Over the course of Zapier's 41-month existence, we've grown from three founders cramped in a small apartment to a team of 21 around the world. While we're certainly not experts at hiring, we have picked up a few tricks (and things to avoid) to make building a remote team easier.
This chapter covers:
Not everyone is cut out for remote work, so before you begin hiring people for a remote position you'll need to consider the skills it takes to be successful in this type of environment.
Great remote workers have a few traits that make them successful:
Joel Gascoigne and the team at Buffer have found that people with these traits often come from freelance, contracting or startup backgrounds. We've certainly found that to be true, too. Ten of our first 13 hires at Zapier have startup or freelance work in their background.
Before you start sourcing candidates, you want to make sure to do a good job at defining the position. Often times, companies throw up a generic job opening for a marketer or developer, which doesn't really help the candidate decide if they want to work for your company or not. Since remote companies don't have a local reputation, it's up to you to sell your company just as much as the role.
When it comes to defining the position, the best way to do this is to first fill the position yourself, even if it's only for a week. The work you do will help you understand what's involved in this role at a much deeper level.
When it comes to an all-new position at the company, we like to try to do it first with the people we have so we really understand the work. If you don't understand the work, it's really hard to evaluate someone's abilities. Before we hired our first customer service person, I did just about all the customer service for two years. Before we hired an office manager, David and I mostly split the duties. That really helped us know who would be good when we started talking to people about the job.
By doing the role you are hiring for you'll also be able to write a more compelling job description and be better able to define how the role relates to the company and its success.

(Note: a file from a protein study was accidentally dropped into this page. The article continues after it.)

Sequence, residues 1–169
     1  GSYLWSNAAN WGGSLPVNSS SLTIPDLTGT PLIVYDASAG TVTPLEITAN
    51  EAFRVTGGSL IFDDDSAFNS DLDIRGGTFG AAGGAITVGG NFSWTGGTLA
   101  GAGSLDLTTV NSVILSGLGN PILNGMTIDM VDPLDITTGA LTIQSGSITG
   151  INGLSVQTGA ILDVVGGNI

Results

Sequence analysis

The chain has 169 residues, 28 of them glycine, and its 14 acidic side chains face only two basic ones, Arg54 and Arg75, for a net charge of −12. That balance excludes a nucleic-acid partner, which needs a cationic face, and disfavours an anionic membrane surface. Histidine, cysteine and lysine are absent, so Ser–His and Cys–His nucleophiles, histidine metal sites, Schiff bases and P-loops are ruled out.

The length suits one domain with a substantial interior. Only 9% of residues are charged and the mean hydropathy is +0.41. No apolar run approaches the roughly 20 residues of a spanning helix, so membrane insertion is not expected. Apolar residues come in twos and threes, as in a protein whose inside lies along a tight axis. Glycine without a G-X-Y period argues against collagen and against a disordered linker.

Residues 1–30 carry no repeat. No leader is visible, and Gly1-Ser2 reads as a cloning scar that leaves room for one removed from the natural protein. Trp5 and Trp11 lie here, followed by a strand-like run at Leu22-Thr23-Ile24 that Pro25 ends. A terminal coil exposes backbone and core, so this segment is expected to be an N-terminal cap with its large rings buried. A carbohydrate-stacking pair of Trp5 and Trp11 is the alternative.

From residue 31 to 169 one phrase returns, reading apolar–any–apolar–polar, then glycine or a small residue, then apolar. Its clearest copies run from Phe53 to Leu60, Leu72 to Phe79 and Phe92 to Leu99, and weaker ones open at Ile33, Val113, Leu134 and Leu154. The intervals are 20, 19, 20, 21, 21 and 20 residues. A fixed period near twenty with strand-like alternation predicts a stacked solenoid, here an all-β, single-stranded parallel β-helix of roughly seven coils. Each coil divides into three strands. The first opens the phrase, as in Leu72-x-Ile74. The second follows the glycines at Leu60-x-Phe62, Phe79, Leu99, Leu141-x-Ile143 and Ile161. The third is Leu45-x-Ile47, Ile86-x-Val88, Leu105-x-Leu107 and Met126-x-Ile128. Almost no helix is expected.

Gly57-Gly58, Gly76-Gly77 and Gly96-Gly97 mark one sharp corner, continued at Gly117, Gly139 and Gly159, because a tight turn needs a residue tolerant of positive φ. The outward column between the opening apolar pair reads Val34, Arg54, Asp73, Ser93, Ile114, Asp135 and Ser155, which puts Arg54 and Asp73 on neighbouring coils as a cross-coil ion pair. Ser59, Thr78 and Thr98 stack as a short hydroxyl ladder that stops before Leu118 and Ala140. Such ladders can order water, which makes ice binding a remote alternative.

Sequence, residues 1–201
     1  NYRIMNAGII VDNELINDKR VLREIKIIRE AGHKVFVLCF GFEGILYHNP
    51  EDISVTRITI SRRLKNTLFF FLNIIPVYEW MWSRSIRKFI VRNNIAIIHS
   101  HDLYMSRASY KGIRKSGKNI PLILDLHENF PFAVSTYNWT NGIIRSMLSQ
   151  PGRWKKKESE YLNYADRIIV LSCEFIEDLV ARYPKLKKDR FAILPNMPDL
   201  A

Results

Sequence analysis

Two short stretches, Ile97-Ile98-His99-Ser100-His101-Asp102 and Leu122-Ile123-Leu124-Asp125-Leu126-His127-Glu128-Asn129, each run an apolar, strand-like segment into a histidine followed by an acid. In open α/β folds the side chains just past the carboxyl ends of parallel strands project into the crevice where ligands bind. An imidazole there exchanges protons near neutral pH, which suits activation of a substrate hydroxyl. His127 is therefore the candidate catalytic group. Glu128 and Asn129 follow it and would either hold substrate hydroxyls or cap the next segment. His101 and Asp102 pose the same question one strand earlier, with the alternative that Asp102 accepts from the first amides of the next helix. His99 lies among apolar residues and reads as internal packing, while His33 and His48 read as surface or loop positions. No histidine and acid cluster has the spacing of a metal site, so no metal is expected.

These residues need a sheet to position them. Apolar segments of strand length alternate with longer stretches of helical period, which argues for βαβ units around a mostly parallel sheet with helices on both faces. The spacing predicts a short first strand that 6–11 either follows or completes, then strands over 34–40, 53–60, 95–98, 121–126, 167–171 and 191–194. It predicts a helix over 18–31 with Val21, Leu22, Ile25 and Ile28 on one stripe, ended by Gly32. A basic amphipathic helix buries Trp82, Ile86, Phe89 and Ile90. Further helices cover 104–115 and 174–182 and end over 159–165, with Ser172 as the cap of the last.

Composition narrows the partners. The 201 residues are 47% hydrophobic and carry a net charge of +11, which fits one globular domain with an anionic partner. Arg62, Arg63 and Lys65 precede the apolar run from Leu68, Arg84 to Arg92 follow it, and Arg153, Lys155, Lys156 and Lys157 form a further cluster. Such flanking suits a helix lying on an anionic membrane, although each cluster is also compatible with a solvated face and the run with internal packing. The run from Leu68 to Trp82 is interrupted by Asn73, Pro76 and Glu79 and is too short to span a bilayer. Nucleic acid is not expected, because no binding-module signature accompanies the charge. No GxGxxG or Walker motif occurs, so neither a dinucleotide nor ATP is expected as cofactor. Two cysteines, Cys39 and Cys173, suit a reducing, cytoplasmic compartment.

As a result, your job posting will be a detailed listing that explains the ins-and-outs of what you do as a company. This might turn some people away, but those people wouldn't have been a good fit anyway. Instead, you'll get applicants that are much more invested in being a part of your company.
Also, in the job posting, ask them to apply in a unique way—don't just ask for resumes. Instead, try to make the application process prove their abilities for the job.
For instance, when hiring for our business development position we had candidates complete a series of short exercises that tested the basics of the role's partner duties. And rather than asking for a cover letter upfront, we asked them to write a sample pitch email to a partner.
People excited about your company are willing to complete these extra tasks, often with enjoyment. Those who aren't a good fit just skip your post or forget to do it so, turning the unique application process into a filter.
It's impossible to hire if you don't have candidates for the role, of course, so the first thing to consider is how people will find out about your open position. Here's where we've had the best luck.
Sourcing candidates is often a harder task for remote teams than you'd think. Since you don't have global connections, you're a small brand, and local ties can be hard to come by, too, it can be hard to get the word out about your company and your positions. Take advantage of every channel you can find to get the word out and keep track of where the good candidates come from. Then make sure to utilize those in the future.
Here are the ways our 18 employees found the Zapier job opening they filled:
P.S. These are all really cool people. You should say hello to them. :-)
If you've done everything up to this point, then you should start to see applicants roll in. This is where the real challenge starts—it's time to make the hire. First, you'll need to sort through dozens, hundreds, and maybe thousands of applicants to find the person you want.
We've borrowed heavily from how DoSomething runs hiring with Trello. I suggest managing the hiring pipeline in a project management tool—Launchpad LA, for example, uses Asana—so that all in your company can see the candidates, comment on their application and feel involved in the process. As a remote team, you don't get those in-person, team conversations about candidates, so finding one spot to have those chats puts everyone on the same page.
We set up a Trello board with columns for "No", "Applied", "Reached out" and "Interviewed (needs decision)".
Candidates email their application to an email address (firstname.lastname@example.org) and then a Zapier integration automatically creates a Trello card for candidates in the "Applied" column. The card contains a link to the applicant's initial email, which I later use to quickly reply to those individuals (when the email initially arrives in my inbox, it's auto-archived).
Next, we nominate someone to run point for hiring for that position. They are in charge of all the initial screening and making sure the ball never gets dropped in the hiring process. This role is important. Without someone filling this role, it's highly likely that candidates will get slow response times and the ball will be dropped. I know we had this happen before having someone assume this role.